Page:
Joe Brown

Brown Advisory Group, LLC

Does Your Financial Advisor Have a Safety Net?

Why a Contingency Plan Is Crucial for Your Retirement Security

Regarding retirement planning, your relationship with your financial advisor is pivotal. They are the custodians of your financial security, guiding you through an array of investment options, such as annuities and life insurance, that can offer stability and guaranteed income in your golden years. But what happens if your advisor can no longer be at your service? Do they have a contingency plan to ensure a seamless transition and continued care for your portfolio? Here's why you must pay attention to this critical aspect while selecting or retaining your financial advisor.

Why a Contingency Plan is Non-Negotiable

Statistics indicate that the average financial advisor is in their early fifties, and a substantial proportion plan to retire within the next decade. This presents a significant likelihood that your advisor might step away from their professional responsibilities before you've fully enjoyed your retirement. This is not to mention the unavoidable aspects of life, such as sudden illness, disability, or even death, that can affect anyone, including your financial advisor.

Therefore, a contingency plan is not merely a supplementary feature; it's an essential component of responsible financial planning. Without a plan, you could find yourself scrambling to find a replacement, and during that transition period, your portfolio might suffer. Given the specialized nature of retirement assets like fixed annuities and insurance products, an advisor's sudden absence can lead to costly setbacks.

Factors to Consider

When vetting financial advisors or reviewing your relationship with the current one, the following considerations around contingency planning should be top-of-mind:

  1. Succession Planning: Does your advisor work within a team or have a designated successor who can take over your portfolio in their absence? This ensures continuity in the strategies employed to manage your assets, like annuities and insurance.
  2. Client Involvement: Will you get to have a say in who takes over the management of your account? A good contingency plan should include you in the transition process.
  3. Flexibility: What if the replacement advisor isn't a good fit for you? Will you have the option to take your business elsewhere without incurring penalties?
  4. Implementation Track Record: Don't shy away from asking about any past instances where the contingency plan had to be activated. This will give you an insight into its effectiveness.

How to Safeguard Your Interests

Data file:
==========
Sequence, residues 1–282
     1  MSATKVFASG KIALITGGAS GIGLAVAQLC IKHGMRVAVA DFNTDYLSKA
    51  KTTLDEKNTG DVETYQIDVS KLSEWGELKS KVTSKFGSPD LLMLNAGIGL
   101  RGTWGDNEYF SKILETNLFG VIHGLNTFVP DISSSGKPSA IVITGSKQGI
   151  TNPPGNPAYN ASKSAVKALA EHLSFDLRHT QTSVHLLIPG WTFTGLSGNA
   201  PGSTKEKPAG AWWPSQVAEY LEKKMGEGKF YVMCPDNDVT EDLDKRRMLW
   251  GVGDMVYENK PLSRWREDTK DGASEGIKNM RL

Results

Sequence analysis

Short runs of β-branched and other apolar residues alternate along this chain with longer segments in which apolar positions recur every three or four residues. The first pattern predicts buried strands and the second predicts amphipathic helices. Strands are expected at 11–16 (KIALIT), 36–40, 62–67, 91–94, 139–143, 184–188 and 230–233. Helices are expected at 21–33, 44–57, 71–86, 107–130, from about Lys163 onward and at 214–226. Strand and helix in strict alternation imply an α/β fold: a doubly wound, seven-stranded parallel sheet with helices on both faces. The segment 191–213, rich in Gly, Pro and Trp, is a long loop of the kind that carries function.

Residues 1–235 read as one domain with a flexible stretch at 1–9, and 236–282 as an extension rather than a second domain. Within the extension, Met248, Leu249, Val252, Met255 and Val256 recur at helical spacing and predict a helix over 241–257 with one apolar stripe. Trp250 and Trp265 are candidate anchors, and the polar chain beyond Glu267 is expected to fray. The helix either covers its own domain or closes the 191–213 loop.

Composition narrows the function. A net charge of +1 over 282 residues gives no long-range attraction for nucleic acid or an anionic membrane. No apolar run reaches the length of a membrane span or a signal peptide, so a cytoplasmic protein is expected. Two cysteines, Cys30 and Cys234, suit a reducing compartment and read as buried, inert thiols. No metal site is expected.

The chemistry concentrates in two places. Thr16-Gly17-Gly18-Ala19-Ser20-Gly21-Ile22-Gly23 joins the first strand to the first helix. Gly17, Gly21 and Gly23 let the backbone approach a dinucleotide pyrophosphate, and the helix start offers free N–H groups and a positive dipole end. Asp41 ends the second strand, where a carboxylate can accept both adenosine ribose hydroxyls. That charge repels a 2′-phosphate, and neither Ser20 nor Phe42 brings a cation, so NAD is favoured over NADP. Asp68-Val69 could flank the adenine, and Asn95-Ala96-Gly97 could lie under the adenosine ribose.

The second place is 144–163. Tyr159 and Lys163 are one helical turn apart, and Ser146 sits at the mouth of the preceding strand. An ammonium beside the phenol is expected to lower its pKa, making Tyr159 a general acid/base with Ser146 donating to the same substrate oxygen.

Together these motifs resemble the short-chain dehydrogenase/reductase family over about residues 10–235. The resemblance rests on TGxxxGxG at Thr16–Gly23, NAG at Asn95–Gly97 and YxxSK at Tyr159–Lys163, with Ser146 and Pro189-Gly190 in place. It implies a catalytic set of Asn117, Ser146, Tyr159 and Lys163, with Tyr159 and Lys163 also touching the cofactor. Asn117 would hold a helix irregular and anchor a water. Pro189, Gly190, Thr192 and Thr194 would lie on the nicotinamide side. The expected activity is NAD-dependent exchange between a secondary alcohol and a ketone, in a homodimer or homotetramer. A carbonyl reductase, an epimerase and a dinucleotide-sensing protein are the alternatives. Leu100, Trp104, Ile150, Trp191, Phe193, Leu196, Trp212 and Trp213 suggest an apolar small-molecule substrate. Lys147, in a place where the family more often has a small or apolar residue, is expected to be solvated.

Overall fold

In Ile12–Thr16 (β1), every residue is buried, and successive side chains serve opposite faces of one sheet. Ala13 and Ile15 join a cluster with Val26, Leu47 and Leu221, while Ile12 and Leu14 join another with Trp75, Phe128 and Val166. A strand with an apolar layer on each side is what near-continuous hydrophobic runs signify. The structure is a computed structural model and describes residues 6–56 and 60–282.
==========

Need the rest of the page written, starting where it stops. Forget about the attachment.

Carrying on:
Choose an advisor with a proven track record in contingency planning. It should be an integral part of their responsibility towards you. Regularly review this plan and ask for updates, if any. After all, your peace of mind is contingent on the robustness of this contingency plan.

When There's No Plan in Place

If your financial advisor doesn't have a contingency plan, it's time for a frank discussion. Emphasize the critical nature of having a backup plan to protect your financial assets, especially since retirement plans often involve long-term commitments like annuities and insurance policies. If your current advisor is unwilling to consider this necessity, it may be prudent to explore other options.

An effective contingency plan is a hallmark of an advisor who takes their fiduciary duties seriously. It assures you that your financial strategies, particularly those providing guaranteed income like annuities and insurance policies, will continue to be managed effectively, irrespective of any unforeseen events affecting your advisor.

Additional Tips

  • Store copies of your financial plan and other crucial documents in a secure location.
  • Share essential financial documents and plans with a trusted family member.
  • Maintain regular review meetings with your advisor to ensure your financial strategies align with your evolving needs.

Don't leave your financial future to chance. If you haven't already, schedule a meeting with your financial advisor to discuss their contingency plan. Your peace of mind and financial stability in retirement depend on proactive planning today. Take that step now.

  • Importance of a Contingency Plan: Having a contingency plan in place with your financial advisor is crucial for the stability and growth of your retirement portfolio, particularly when you're invested in products like annuities and life insurance.
  • Advisor's Age and Retirement Plans: Given the average age of financial advisors and their retirement plans, there's a good chance your advisor may retire before you do.
  • Key Considerations: When choosing or sticking with a financial advisor, evaluate their succession planning, how much say you have in selecting a new advisor, and the flexibility to move your account.
  • Regular Reviews: Keep your financial plan updated and periodically review the advisor's contingency plan.
  • Backup Copies and Trusted Contacts: Secure copies of all important financial documents and share them with a trusted family member or friend for extra security.

Many people have learned about the power of using the Safe Money approach to reduce volatility. Our Safe Money Guide is in its 20th edition and is available for free.  

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Joe Brown picture

Joe Brown

Brown Advisory Group, LLC

2445 Darwin Rd.

Suite 105

Madison, Wisconsin 53704

joe.brown@retirevillage.com

(608) 241-4425

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